Starting a nonprofit is much like starting a for-profit business. Many nonprofit endeavors are born from personal traumas and triumphs. After overcoming great obstacles, some people find themselves wanting to help others have the same success. Creating a nonprofit is usually one way survivors and advocates want to aid in the movement. Before taking this huge step, however, it is important to consider your unique reasons for wanting to start the organization and who you want to serve.
Clarify Who You Want to Help
Similar to a for-profit business, a nonprofit must have a target audience. You cannot serve everyone. It is essential to go beyond gender and look at things such as age, belief system, income bracket, education background, physical location, marital status, and other characteristics that will help narrow down who you want to help. Different groups have different needs, therefore, it is important to know whose you are trying to meet. After you decide who you want to help, consider how you want to help them. Even if you start off with a good, specific idea of who it is you're trying to help, going through this exercise will sharpen your focus.
Best Way to Help
A good starting point for choosing how to help is to look at your life experiences. A person who has had personal or professional experience in an area is usually better prepared to assist another person with that issue. Once you know who you want to help and how you want to help them, consider how you can best help -- do you want to provide services, counseling or information? Be as specific as possible in formulating how your nonprofit will make a difference.
Look for Similar Programs
It may be that other individuals in your community who want to help women have a fully operating organization. Research whether there are already a similar services in your local area. If another program is currently in place, there may be an opportunity to work with the established group instead of starting something new. Another possibility is to bring your program under the structure of the older organization if your idea has some unique qualities that the other group is missing. There are three major benefits to combining resources. First, your combined efforts could mean more people are being helped. There is strength in numbers. Second, you may have the chance to learn from a veteran how to successfully operate a nonprofit. Third, you do not have to deal with finding money to start your program. If there currently are no services in your local area, and you decide to start your own, you must have a plan to pay for it.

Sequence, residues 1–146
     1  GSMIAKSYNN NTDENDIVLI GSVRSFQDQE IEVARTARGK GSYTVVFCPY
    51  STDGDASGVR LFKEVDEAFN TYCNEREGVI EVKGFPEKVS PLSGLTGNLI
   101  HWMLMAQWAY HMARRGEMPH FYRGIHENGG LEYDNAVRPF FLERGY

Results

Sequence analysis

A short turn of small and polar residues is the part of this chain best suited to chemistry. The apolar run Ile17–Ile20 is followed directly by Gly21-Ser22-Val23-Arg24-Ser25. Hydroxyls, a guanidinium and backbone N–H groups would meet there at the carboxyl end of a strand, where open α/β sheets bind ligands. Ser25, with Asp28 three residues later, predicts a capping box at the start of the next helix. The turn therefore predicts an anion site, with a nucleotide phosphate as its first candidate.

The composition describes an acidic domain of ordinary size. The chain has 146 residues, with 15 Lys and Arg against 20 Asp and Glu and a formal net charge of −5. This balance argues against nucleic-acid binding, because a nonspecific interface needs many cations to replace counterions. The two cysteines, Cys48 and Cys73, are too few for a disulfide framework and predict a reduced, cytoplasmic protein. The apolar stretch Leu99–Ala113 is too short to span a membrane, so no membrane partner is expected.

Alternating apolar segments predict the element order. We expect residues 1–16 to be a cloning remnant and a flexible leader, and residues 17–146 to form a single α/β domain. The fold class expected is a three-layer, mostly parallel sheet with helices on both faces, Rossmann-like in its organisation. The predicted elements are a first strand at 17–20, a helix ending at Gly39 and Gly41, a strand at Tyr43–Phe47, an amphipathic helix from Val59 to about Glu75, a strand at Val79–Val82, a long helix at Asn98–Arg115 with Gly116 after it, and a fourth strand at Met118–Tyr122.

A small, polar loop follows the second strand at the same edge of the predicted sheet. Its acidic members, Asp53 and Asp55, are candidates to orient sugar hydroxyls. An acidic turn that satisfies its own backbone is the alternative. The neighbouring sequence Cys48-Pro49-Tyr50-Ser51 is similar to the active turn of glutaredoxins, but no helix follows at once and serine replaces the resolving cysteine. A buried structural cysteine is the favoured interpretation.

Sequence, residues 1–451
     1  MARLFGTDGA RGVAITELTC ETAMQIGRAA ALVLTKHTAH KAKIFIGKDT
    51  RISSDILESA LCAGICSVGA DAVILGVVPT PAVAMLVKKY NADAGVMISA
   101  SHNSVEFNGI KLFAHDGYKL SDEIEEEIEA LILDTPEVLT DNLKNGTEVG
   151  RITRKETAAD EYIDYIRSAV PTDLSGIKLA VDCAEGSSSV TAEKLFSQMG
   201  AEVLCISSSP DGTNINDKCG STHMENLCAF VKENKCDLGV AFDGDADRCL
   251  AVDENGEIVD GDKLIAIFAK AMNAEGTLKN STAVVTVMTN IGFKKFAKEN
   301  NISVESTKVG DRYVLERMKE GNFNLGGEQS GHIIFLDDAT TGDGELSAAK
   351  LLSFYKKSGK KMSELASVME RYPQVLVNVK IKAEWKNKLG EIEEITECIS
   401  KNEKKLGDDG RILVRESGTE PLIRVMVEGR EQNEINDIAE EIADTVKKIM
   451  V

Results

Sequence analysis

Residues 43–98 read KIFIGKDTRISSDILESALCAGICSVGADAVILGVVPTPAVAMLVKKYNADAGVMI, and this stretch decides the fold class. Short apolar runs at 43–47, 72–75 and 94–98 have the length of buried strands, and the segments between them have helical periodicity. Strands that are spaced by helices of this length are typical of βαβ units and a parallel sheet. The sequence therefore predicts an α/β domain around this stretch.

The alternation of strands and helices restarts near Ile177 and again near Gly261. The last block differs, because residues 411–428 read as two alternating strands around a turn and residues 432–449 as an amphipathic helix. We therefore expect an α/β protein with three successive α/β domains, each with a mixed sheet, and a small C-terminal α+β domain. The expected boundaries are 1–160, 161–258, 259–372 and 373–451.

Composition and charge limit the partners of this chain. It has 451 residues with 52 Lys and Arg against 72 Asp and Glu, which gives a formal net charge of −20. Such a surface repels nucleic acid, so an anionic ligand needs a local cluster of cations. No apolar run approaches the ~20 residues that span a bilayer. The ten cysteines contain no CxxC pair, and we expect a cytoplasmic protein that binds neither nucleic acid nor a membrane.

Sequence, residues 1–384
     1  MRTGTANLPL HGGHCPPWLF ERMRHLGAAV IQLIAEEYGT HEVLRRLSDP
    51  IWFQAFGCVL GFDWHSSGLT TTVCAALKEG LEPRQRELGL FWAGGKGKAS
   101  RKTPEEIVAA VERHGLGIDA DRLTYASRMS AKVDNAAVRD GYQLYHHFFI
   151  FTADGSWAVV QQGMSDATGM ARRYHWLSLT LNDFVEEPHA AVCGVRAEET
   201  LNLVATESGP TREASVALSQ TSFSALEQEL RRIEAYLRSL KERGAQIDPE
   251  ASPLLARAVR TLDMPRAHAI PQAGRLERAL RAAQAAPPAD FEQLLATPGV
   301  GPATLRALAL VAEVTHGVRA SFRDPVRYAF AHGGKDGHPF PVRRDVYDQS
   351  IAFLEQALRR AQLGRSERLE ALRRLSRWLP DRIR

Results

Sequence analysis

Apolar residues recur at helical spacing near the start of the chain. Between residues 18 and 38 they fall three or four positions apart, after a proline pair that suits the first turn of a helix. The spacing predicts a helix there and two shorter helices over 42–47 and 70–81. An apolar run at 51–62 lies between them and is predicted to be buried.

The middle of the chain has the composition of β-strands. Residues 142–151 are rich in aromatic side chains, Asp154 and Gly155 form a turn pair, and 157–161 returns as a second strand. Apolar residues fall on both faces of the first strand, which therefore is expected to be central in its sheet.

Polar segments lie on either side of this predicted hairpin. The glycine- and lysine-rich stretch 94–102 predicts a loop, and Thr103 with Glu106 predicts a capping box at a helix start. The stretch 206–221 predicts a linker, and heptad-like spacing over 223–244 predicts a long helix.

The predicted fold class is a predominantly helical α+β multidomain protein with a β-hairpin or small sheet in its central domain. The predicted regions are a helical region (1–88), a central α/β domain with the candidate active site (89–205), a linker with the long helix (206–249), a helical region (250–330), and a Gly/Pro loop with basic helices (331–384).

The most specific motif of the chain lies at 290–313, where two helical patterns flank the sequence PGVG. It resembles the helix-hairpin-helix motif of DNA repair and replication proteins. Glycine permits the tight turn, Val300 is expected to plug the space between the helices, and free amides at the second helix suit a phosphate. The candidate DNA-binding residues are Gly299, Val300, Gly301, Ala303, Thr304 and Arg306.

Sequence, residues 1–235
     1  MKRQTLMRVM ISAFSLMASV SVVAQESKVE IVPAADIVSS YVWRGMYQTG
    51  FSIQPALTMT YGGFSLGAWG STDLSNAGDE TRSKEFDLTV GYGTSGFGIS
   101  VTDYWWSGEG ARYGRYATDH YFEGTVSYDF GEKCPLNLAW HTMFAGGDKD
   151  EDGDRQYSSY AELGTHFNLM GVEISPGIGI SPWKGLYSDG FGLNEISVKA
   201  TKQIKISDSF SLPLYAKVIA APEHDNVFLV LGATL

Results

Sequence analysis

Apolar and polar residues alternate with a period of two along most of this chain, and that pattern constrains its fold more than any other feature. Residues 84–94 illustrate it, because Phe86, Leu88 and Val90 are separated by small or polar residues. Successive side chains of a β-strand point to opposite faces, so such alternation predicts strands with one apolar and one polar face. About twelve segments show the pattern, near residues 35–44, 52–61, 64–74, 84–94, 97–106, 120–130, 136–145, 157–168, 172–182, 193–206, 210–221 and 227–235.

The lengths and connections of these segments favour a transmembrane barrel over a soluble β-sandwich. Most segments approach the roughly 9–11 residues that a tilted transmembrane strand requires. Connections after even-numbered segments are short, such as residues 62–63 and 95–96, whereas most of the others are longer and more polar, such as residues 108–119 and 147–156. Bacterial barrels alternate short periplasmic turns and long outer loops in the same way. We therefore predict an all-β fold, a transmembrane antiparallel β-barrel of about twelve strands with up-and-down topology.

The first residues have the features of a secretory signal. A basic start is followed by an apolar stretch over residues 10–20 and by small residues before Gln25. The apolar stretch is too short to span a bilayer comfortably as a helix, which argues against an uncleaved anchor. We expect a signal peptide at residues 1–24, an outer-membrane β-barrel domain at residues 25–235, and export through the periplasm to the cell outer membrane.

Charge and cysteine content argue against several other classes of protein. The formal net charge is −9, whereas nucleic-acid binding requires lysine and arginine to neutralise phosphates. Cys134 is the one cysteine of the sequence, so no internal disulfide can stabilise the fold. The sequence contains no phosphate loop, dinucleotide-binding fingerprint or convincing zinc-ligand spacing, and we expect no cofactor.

Fundraising and Budget
All businesses require funds to operate. Consider whether you have the financial resources to fund the project, if you have partners who are contributing money, or if you will be soliciting donations or grants. Research the availability of grants that apply to your proposed organization. Consider whether you will need to hire a professional fundraiser for your nonprofit, often called "director of development. Develop a proposed budget for your organization and come up with an overall fundraising plan.
Nuts and Bolts
Having fulfilled all of the above requirements, it is now time to consult with business professionals and local community members who can help you with the legal and technical logistics of starting a nonprofit. Along with seeking guidance from those in fields such as law, accounting, and business formations, form associations with other individuals and nonprofit groups who have a similar mission. Seek their advice on finding suitable candidates for your board of directors and convincing them to come on board. Network to identify good prospects if you plan on hiring staff.
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